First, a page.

How applicable are these clinical features in distinguishing dengue from non-dengue infection in a wider population including adults, who are increasingly bearing the burden of illness? Current laboratory confirmation of dengue is largely by dengue IgM serology. In most patients with dengue, IgM serology begins to become positive at the time of defervescence, and hence is not helpful in identifying an early infection.
Outpatient management of patients with dengue
Once a clinician suspects or is able to confirm that his patient is infected with dengue, what is the best way to provide the care that will determine a good outcome?
An international study on the economic burden of dengue has shown that about 80% of patients with dengue in Cambodia, Malaysia and Thailand make the first visit to a medical doctor within the first 2 days of fever (LCS Lum, personal communication). This early contact could be provoked by generalized body pains or marked gastrointestinal symptoms that may cause dehydration.
Patients in the critical phase of dengue
Patients with severe dengue do present for the first time in a busy emergency department and are attended by a junior physician who may not be familiar with the disease . In the context of the Integrated Management of Childhood Illness, most countries in south-east Asia have adopted guidelines to recognize severe dengue in first-level health facilities .
Patients may be triaged based on certain parameters, such as temperature, heart rate and blood pressure. Patients in whom blood pressure is thought to be normal and the temperature normal or below normal, as would be the case in dengue shock syndrome, would receive the lowest priority in a triage based on presence or absence of fever. Furthermore, in patients in a state of shock, blood pressure measurements using the automated oscillometric method, in which the systolic and diastolic pressures and pulse rate are displayed digitally, have been found to be higher than measurements with the conventional sphygmomanometer. A literature search suggests that this technology has been validated in children and adults with haemodynamic stability [5,16]. There has been no study to compare blood pressure readings taken with the oscillometric method and those taken using the conventional sphygmomanometer in patients in different states of haemodynamic instability.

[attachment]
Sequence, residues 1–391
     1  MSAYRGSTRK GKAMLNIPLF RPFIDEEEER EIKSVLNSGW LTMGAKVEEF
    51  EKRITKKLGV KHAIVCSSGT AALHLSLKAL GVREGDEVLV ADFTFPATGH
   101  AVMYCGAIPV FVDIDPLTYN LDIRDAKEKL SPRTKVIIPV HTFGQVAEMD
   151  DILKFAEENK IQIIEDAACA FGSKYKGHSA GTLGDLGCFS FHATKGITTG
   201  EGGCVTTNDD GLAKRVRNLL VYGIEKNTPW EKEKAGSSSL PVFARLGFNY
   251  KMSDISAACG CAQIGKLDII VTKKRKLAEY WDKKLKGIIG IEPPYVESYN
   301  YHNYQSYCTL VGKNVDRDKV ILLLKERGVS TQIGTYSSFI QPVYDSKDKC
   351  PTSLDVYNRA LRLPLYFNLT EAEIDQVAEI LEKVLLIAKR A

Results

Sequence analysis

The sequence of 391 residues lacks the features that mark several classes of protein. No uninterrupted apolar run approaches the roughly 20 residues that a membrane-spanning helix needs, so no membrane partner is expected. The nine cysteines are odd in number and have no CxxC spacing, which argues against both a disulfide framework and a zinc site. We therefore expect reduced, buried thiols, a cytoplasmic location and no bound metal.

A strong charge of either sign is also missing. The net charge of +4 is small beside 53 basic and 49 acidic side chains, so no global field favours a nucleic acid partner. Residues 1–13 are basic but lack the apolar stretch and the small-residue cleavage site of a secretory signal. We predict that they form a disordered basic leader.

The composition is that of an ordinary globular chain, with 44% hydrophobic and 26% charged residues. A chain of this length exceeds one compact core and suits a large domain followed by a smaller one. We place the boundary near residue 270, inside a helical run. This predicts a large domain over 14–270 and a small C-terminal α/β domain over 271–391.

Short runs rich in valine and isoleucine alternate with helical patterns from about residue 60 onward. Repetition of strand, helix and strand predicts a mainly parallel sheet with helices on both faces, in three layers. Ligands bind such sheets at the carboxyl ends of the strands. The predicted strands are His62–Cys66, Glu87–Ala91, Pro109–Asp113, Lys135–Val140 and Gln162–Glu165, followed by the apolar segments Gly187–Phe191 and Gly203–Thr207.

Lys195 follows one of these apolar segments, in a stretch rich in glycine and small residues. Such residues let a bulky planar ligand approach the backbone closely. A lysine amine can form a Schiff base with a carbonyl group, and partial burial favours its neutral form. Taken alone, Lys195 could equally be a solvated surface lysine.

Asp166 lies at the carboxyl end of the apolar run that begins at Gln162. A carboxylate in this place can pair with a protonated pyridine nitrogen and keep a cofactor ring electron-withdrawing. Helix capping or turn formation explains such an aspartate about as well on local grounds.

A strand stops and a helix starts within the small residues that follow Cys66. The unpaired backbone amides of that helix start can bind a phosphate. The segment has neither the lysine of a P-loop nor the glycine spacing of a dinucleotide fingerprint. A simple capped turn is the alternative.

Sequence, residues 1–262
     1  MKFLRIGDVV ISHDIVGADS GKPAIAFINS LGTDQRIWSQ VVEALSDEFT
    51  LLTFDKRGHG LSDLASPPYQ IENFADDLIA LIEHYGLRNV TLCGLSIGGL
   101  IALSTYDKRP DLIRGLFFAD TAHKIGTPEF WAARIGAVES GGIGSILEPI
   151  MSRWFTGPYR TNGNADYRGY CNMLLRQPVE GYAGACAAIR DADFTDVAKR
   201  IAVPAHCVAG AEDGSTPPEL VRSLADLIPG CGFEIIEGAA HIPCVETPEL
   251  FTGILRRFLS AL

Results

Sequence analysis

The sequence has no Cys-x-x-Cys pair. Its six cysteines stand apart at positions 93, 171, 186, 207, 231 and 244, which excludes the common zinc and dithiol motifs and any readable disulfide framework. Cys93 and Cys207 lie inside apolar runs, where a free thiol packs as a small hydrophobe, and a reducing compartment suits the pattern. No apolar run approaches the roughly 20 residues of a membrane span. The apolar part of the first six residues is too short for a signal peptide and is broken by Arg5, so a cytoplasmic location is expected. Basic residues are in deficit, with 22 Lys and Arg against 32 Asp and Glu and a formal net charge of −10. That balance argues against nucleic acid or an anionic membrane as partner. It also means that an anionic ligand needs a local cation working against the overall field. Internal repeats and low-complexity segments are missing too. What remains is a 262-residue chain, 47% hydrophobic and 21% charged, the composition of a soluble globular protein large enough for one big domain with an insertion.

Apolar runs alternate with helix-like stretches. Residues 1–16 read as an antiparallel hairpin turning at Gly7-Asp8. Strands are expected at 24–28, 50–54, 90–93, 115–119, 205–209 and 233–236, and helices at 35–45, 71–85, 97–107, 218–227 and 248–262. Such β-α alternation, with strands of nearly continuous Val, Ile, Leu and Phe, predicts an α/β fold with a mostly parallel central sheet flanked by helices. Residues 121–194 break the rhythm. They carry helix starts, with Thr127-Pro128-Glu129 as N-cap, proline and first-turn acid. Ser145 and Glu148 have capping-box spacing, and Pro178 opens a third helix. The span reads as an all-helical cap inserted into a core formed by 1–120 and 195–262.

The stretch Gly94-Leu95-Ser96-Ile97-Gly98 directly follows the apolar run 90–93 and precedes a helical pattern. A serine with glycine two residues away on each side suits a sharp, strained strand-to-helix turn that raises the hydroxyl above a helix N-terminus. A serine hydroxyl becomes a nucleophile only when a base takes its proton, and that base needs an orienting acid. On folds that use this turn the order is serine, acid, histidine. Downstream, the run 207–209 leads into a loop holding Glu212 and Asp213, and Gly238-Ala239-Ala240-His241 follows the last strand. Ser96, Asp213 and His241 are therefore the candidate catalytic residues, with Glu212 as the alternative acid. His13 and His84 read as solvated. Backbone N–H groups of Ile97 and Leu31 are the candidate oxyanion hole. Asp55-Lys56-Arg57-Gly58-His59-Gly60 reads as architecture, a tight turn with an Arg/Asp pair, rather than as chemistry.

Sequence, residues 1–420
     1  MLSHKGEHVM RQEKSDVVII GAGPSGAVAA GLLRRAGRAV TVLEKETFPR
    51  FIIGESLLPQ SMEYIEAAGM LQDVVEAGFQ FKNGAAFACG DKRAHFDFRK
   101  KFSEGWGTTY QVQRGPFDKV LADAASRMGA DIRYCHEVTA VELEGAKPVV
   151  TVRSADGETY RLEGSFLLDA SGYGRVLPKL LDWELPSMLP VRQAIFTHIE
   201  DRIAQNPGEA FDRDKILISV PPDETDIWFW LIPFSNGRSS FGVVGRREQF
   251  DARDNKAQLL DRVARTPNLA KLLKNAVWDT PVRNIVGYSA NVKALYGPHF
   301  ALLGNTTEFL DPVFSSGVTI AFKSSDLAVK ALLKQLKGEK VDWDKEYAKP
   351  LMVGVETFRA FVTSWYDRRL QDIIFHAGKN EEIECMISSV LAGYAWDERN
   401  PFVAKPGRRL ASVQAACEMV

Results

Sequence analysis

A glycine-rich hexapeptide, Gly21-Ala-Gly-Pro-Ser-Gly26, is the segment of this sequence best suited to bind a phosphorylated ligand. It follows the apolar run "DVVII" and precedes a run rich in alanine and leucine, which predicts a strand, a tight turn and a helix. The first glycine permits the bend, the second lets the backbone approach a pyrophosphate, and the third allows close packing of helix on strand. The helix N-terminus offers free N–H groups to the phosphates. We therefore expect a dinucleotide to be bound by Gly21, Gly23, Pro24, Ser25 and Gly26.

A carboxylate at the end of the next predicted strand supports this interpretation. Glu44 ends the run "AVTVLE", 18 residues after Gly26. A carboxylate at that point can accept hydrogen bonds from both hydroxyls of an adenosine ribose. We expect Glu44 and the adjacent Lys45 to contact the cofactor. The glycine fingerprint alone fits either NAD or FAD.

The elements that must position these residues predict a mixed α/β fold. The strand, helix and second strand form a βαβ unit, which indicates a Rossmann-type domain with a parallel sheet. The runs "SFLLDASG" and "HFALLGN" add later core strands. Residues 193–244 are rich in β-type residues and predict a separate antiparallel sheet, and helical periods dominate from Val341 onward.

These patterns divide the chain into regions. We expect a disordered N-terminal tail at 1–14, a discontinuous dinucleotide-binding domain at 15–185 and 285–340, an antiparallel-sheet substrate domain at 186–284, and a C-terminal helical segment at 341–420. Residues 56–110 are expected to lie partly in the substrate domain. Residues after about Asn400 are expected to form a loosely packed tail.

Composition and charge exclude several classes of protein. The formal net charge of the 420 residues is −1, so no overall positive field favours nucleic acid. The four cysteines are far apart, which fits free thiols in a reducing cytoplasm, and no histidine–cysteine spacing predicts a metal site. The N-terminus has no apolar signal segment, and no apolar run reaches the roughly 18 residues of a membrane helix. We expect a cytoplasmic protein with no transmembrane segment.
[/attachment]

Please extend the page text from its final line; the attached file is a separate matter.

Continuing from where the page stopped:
Treatment of severe dengue that is entirely orientated towards prompt assessment and replacement of fluid needs is live-saving. Comprehensive guidelines for dengue case management published by the WHO Regional Office for South-East Asia have shown that early volume replacement of lost plasma with isotonic salt solution can modify the severity of disease and prevent shock.
Indications for intravenous fluid therapy for dengue haemorrhagic fever grade I and II are developed in Viet Nam for one or more of the following signs/symptoms: